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It's hard to believe Kobe Bryant is gone

Kobe Bryant of the Lakers looks back in

Kobe Bryant of the Lakers looks back in the first half against the Jazz at the Staples Center on April 13, 2016, in Los Angeles. Credit: Getty Images/Harry How

It just doesn’t seem possible.

Kobe Bryant, the larger-than-life face of the NBA for an entire generation of fans and players, is dead.

The news that Bryant and eight others, including his 13-year-old daughter, Gianna, had died in a helicopter crash Sunday morning was met with shock, tears and heartfelt tweets of condolence from everyone from former President Barack Obama to Taylor Swift.

I was driving when I heard the news and had to pull over. In the course of his career, I saw Kobe play in person at least 50 times and wrote dozens of stories about him.

Both on and off the court, Kobe was no mere mortal. Or at least that’s what we all thought.

Now he is tragically gone at the age of 41.

“There’s no words to express the pain I am going through,” tweeted Shaquille O’Neal, who won three straight titles playing alongside Kobe with the Lakers.

Bryant, who played all 20 of his seasons with the Lakers, lived life at hyper speed, establishing himself as a force to be reckoned with when he was just a teenager. He was drafted at age 17. Played in his first NBA All-Star Game at 19. Won his first of five NBA titles at 21. Won the league MVP at age 29. Won an Academy Award at age 39 for his first animated film.

For all he accomplished, however, there is no doubt that Bryant’s legacy is complicated and flawed.

He made headlines in July 2003 when he was arrested in Eagle, Colorado, on charges of sexual assault. At that time, a 19-year-old hotel employee accused him of rape, telling authorities she was assaulted by him while he was staying at The Lodge and Spa at Cordillera while awaiting surgery.

Bryant publicly admitted he and the accuser had relations, but he said it was consensual. He also made a public apology to his wife. The criminal case was dropped after Bryant’s accuser refused to testify, but a civil suit was settled out of court for an undisclosed sum. Part of the suit involved Bryant’s apology, although he never admitted fault.

On the court, he could be ruthless to his teammates, especially if he didn’t think they were giving their all. His bickering with O’Neal was a constant story line during their eight seasons together and sometimes overshadowed the three championships they won.

Jerry West, the executive who traded for him after he was drafted by Charlotte, once explained to me that making friends never was Bryant’s top priority.

“He wanted to be the best, and he became, well, he got right there in the class of the very best,” West said. “We’ve had a lot of great players in the league, and he’s in the upper echelon. Somebody who plays the game at that level, it’s more than just skill. His skill was enormous, but he was also efficient and he played the game with flair. There’s not many good players that do that.”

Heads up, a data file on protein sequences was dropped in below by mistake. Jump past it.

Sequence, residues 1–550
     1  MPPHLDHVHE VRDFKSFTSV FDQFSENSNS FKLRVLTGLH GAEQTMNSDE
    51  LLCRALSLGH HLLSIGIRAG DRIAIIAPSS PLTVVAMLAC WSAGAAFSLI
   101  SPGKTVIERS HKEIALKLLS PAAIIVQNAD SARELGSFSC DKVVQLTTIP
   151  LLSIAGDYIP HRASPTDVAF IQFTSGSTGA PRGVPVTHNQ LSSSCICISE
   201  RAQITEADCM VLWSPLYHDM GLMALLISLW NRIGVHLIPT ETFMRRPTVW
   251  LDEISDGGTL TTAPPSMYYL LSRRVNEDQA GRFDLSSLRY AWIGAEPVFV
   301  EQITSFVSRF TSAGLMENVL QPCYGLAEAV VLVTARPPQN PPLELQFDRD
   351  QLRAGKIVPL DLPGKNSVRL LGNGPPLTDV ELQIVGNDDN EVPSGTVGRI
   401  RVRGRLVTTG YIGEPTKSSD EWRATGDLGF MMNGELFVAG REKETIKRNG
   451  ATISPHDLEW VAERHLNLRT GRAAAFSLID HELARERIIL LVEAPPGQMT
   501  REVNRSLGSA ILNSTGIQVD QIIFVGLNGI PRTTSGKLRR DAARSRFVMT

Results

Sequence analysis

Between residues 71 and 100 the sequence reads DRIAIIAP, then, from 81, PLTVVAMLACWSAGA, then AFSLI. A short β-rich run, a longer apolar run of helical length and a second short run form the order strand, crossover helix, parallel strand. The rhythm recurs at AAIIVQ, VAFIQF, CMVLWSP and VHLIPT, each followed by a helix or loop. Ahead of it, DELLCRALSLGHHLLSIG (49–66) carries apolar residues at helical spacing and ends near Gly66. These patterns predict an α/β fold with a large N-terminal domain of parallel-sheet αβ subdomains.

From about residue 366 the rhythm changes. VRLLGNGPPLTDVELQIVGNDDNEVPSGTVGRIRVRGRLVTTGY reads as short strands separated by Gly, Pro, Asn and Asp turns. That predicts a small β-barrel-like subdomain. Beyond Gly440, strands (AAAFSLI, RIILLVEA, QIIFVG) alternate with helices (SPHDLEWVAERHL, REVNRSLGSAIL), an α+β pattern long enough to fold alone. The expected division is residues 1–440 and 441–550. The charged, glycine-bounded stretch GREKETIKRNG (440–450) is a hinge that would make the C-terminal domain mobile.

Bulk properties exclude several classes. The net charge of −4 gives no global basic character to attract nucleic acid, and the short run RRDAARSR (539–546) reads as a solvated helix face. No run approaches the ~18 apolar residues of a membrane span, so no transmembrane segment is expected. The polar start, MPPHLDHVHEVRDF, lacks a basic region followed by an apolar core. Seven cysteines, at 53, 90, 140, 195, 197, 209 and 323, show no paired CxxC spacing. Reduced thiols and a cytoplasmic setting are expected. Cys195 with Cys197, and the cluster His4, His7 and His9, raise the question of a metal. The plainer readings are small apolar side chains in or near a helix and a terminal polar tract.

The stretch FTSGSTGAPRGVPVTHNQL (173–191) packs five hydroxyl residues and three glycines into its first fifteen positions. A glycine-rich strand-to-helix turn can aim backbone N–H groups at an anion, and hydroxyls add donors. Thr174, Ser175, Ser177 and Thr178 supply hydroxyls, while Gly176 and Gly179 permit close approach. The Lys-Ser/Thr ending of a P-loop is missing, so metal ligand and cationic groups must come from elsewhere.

When Bryant retired in 2016, he was the third-leading scorer in NBA history. On Saturday, he was passed by LeBron James, and his final tweet says a lot about the man he has become since his retirement.

“Continuing to move the game forward @KingJames. Much respect my brother 💪🏾   #33644,” Bryant tweeted.

Since retiring, the man who was accused by some of being selfish as a player has gone all out to help others. His Mamba Sports Academy — where he was flying with his daughter when their helicopter crashed — supports 50,000 athletes annually through clinics and club teams. It also has become a mecca for professional NBA and WNBA players looking for a place to train.

Bryant also founded Granity Studios to create sports-themed films, TV shows and books. The father of four — all girls — became a big promoter of women’s sports, especially the WNBA. Gianna was an accomplished basketball player and Kobe coached her team.

There are some people who will never forgive Bryant for what happened in Colorado. More than 17,000 people signed a petition to take back his Oscar because of what happened there.

For the majority of young fans and players today, however, the Kobe they remember was the fierce competitor who was the bridge from Michael Jordan to James. No matter how complicated his legacy, he played the game at a superhuman level.

It’s hard to believe he’s gone.

A look at some of Kobe Bryant’s career basketball highlights:

-- 5-time NBA champion (2000-2002, 2009, 2010)

-- 2-time NBA Finals Most Valuable Player (2009-2010)

-- NBA MVP (2008)

-- 18-time NBA All-Star (1998, 2000-2016)

-- 4-time NBA All-Star Game MVP (2002, 2007, 2009, 2011)

-- 11-time All-NBA First Team (2002-2004, 2006-2013)

-- 2-time All-NBA Second Team (2000-2001)

-- 2-time All-NBA Third Team (1999, 2005)

-- 9-time NBA All-Defensive First Team (2000, 2003-2004, 2006-2011)

-- 3-time NBA All-Defensive Second Team (2001-2002, 2012)

-- 2-time NBA scoring champion (2006-2007)

-- 2-time Olympic gold medalist (2008, 2012)

-- NBA Slam Dunk Contest champion (1997)

-- Los Angeles Lakers all-time leading scorer (33,643 points), fourth on NBA all-time list

-- Both jersey numbers 8 and 24 are retired by the Los Angeles Lakers

-- Naismith Prep Player of the Year (1996)

Compiled by AP

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